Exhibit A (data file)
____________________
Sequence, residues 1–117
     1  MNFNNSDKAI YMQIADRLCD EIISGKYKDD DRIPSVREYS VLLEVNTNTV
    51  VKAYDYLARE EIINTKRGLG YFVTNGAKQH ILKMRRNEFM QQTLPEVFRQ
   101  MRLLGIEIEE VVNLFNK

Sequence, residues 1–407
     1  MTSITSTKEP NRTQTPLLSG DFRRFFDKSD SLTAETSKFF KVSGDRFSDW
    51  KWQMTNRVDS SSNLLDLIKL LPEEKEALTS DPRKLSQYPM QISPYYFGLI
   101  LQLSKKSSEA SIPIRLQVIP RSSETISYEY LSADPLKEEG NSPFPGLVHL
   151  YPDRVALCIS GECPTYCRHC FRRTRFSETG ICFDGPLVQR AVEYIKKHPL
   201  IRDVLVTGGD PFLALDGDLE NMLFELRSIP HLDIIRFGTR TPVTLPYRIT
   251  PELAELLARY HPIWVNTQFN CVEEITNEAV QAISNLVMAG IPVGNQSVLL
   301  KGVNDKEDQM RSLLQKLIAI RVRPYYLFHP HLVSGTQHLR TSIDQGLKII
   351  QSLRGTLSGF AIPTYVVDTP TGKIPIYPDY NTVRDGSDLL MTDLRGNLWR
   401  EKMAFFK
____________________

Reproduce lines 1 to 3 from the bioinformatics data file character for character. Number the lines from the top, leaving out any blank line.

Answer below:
Sequence, residues 1–117
     1  MNFNNSDKAI YMQIADRLCD EIISGKYKDD DRIPSVREYS VLLEVNTNTV
    51  VKAYDYLARE EIINTKRGLG YFVTNGAKQH ILKMRRNEFM QQTLPEVFRQ